UCLA Spotlight

Finding Patterns in Crime

  • Published Dec 3, 2007 10:15 AM

What does an anthropologist standing on a windswept Tibetan plateau have in common with a Los Angeles police detective investigating a crime scene?


P. Jeffrey Brantingham, assistant professor, anthropology

To P. Jeffrey Brantingham, assistant professor of anthropology, the two scenarios have definite similarities because both involve piecing together information.

“The process underlying crime analysis is like an archaeological process, starting with a fragmentary record and trying to infer behavior that led to a pattern,” says Brantingham, who does fieldwork on the prehistoric hunter-gatherers of Tibet.

Here in Los Angeles, Brantingham has partnered with two UCLA colleagues in mathematics—Andrea Bertozzi and Professor Lincoln Chayes—and Southern California police departments to bring novel techniques from mathematics to the study of crime. Together with a criminologist at UC Irvine, the team began the UC Mathematical and Simulation Modeling of Crime Project in 2004.

The researchers began with a theory that suggests that the formation of short-term crime patterns are the result of random interactions that play out among three types of individuals—offenders, victims and law-enforcement officers—performing everyday activities and moving through their routines.


Burglary 'hot spots'

Related Links

See simulations evolve in real time on Brantingham's web site

Most people follow fairly predictable routes and patterns in their daily lives; people go from home to work, work to home, and generally visit the same restaurants, malls, gas stations and gyms. Extending those patterns to the study of crime, “the concept is that offenders, victims and law enforcers move and mix in relatively simple ways that can be described mathematically, and out of that interaction, crime patterns emerge.”

Delving more deeply into the idea, the researchers then analyze past data and can predict future patterns using a series of models from fields as diverse as chemistry, biology and microscale physics that describe mixing patterns.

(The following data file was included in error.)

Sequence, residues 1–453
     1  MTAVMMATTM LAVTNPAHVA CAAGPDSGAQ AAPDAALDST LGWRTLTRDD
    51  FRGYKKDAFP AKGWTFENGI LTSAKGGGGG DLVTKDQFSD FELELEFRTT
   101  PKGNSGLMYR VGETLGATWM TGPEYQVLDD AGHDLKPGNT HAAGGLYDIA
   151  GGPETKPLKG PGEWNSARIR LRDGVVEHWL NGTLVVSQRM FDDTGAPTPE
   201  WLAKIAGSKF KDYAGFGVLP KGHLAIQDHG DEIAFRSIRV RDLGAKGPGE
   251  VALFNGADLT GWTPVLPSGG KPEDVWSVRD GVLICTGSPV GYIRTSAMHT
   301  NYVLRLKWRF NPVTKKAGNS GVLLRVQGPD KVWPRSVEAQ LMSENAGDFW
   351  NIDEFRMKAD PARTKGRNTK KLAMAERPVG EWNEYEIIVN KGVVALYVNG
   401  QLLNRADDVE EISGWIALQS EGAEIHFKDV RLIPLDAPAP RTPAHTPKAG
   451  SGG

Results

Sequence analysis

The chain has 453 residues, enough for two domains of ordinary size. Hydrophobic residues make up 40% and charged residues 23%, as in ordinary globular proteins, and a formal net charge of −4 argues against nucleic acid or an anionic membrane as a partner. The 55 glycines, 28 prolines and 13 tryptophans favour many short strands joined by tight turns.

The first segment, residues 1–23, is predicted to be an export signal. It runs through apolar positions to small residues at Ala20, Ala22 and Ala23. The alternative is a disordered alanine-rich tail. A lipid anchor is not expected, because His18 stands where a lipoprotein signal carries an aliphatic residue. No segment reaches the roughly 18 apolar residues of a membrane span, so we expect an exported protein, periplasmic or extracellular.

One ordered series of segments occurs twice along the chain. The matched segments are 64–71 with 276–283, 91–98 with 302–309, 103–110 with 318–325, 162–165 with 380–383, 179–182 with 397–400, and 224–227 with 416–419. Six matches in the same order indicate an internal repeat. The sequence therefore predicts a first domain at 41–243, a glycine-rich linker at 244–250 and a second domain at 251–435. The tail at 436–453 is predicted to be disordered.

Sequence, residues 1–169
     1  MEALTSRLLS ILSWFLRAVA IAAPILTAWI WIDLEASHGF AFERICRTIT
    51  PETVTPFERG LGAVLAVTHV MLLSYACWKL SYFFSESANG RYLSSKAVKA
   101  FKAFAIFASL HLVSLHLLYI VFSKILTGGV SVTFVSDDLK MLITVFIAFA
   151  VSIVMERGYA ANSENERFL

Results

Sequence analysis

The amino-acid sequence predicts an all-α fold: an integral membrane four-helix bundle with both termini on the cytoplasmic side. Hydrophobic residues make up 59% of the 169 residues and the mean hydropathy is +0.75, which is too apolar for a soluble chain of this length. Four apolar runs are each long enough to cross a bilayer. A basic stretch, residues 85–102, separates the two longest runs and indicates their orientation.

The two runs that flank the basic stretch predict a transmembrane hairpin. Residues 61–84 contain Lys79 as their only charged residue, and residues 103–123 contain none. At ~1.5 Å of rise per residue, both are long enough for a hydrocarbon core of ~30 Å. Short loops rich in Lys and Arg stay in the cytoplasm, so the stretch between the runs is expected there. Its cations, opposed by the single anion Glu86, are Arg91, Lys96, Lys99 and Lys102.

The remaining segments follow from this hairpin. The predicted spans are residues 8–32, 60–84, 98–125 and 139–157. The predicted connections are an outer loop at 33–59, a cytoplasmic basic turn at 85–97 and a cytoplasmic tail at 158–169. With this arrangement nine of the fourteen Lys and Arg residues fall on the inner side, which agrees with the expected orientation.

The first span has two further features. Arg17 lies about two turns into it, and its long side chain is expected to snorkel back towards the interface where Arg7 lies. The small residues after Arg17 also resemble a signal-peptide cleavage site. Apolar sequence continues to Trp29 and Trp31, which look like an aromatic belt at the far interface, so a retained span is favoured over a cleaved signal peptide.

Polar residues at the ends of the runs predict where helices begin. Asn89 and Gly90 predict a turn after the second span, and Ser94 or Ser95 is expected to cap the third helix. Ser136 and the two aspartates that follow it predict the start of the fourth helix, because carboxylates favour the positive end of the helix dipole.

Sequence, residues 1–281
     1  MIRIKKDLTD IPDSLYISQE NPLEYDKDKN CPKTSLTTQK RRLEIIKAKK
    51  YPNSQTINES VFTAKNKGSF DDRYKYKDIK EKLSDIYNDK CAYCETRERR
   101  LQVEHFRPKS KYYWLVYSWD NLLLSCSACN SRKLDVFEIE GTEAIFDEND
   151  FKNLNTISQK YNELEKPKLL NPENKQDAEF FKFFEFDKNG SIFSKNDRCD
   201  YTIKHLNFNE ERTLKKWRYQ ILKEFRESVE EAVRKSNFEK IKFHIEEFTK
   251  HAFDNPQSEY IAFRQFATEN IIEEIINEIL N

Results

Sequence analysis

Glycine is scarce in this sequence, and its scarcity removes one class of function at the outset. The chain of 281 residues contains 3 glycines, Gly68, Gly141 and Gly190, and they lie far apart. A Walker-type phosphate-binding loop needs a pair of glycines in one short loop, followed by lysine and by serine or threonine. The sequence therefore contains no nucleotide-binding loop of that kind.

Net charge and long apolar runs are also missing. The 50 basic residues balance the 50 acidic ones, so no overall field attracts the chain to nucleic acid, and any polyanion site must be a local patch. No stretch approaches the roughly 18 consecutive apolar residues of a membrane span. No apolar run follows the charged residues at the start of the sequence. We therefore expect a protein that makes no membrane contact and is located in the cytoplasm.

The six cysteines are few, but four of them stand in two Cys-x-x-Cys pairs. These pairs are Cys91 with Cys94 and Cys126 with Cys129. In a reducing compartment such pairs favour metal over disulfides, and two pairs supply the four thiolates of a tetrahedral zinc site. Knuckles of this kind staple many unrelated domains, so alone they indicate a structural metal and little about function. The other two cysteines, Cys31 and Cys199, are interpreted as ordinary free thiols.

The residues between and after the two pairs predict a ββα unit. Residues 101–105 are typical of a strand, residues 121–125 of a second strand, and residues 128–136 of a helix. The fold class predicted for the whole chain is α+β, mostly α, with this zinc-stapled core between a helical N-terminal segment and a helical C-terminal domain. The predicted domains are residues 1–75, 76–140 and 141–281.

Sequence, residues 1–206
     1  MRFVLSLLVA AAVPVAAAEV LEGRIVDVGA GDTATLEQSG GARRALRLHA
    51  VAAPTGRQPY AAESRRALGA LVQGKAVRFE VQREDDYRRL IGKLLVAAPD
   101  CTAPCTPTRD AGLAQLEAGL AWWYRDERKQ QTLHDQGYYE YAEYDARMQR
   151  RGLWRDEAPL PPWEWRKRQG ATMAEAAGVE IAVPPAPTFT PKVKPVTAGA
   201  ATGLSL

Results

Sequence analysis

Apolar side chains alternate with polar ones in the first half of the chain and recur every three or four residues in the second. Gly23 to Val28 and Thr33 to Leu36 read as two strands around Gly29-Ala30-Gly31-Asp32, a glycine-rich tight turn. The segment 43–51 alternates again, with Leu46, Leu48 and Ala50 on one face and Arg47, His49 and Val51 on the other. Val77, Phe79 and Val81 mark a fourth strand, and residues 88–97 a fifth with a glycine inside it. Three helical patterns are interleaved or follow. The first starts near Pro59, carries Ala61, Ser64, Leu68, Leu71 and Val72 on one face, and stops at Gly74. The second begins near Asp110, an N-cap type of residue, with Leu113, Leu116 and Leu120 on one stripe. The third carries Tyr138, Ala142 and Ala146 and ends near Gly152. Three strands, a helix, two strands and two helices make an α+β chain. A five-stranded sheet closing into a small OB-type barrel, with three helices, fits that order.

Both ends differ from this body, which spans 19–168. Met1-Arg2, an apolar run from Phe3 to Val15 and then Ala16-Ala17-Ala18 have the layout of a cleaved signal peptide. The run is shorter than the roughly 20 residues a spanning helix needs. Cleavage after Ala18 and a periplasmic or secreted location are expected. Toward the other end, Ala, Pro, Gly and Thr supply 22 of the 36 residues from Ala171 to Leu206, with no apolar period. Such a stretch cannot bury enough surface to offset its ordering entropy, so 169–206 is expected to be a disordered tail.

Police departments in Los Angeles and Long Beach cooperate with Brantingham and his team, opening their records and providing the data for testing the models. As populations grow and cities expand geographically, the police face ever-greater challenges of allocating their manpower to prevent crime. To the extent that Brantingham’s models can predict where future crimes are likely to occur, police will be able to allocate their resources more efficiently. Essentially, the police will change the dynamic of interactions by inserting additional manpower into the equation.

It sounds good in theory, but will it work in practice? Brantingham said that there is already plenty of evidence that Situational Crime Prevention can reduce crime by altering the environment. Situational Crime Prevention can also mean improving street lighting, adding video surveillance cameras—or just getting more pedestrians on the streets.

“In China, urban street crime is growing, but it’s less of a problem than in U.S. urban environments simply because in China so many people sit outside and watch everything that is going on,” said Brantingham. “All those watchers alter the dynamic by removing opportunities to commit crime unnoticed.”

With support from the National Science Foundation and the College of Letters and Science, Brantingham and his team continue to delve into the dynamics of how and why crime patterns cluster in time and space in the ways that they do. “I don’t want to promise a crime-fighting silver bullet,” Brantingham said, ‘but I’m cautiously optimistic that the models we create will give police advance notice of where to put patrols on the ground.”

Adapted from a story by Aaron Dalton in the UCLA College Report